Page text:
The Horse in the Furrow

By George Ewart Evans & CF Tunnicliffe


The Suffolk Punch – that sturdy, compact draft horse of noble ancestry – was, until mechanisation, the powerhouse of the East Anglian farming community.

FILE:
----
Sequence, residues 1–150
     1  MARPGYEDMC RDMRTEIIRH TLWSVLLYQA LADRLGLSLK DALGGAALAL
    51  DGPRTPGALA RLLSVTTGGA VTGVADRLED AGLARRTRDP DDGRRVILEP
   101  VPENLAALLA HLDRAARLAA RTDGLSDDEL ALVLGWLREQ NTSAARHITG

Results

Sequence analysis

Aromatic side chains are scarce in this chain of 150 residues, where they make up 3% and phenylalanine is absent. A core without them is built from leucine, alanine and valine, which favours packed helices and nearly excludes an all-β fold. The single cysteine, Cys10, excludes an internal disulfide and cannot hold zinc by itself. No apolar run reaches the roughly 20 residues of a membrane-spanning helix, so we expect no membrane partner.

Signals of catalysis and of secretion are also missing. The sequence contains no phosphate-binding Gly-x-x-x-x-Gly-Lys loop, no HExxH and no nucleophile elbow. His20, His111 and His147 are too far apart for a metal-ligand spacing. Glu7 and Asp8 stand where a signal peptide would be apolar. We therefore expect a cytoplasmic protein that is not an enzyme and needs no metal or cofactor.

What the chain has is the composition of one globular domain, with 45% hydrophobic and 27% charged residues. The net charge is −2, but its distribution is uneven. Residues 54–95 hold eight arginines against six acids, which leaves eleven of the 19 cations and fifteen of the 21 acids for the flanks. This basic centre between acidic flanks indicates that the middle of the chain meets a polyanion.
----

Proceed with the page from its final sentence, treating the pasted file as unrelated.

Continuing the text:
In The Horse in the Furrow (1960), renowned social historian George Ewart Evans explores this potent symbol of a bygone era, and the complex network – farmer, horseman, groom, smith, harness-maker and tailor – which surrounded it. Evans charts a fascinating course, demonstrating the connectedness of husbandry, custom and dialect, and arguing for an organic, inclusive study of these aspects of rural life. In particular, the section on folklore sheds light on some of the most obscure practices, with the Punch standing proudly at its centre. With beautiful illustrations by Charles Tunnicliffe, The Horse in the Furrow is an engaging and subtle portrait of an animal at the heart of its community.

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